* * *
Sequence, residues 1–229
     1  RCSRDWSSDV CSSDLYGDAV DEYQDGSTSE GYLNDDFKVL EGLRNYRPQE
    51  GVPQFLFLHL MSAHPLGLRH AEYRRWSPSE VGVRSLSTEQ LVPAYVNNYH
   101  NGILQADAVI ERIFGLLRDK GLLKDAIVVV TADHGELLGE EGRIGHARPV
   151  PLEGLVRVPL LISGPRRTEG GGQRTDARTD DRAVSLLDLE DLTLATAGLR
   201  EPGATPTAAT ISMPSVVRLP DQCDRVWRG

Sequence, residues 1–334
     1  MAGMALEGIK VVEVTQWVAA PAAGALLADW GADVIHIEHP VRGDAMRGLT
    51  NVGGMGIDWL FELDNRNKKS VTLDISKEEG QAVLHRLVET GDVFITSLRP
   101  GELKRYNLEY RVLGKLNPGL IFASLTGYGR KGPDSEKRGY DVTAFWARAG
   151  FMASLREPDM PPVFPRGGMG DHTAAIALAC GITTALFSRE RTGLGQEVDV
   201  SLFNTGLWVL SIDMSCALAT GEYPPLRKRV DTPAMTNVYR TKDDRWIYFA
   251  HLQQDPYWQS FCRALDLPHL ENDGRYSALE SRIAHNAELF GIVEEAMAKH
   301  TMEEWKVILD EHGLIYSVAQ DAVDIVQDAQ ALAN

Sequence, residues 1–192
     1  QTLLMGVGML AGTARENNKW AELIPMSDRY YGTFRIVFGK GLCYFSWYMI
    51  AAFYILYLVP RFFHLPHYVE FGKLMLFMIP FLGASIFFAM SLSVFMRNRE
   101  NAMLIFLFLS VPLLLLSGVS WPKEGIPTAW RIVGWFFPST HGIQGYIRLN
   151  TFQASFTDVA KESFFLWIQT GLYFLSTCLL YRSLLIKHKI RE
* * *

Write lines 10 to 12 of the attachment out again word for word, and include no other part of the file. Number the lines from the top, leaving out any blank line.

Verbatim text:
   101  GELKRYNLEY RVLGKLNPGL IFASLTGYGR KGPDSEKRGY DVTAFWARAG
   151  FMASLREPDM PPVFPRGGMG DHTAAIALAC GITTALFSRE RTGLGQEVDV
   201  SLFNTGLWVL SIDMSCALAT GEYPPLRKRV DTPAMTNVYR TKDDRWIYFA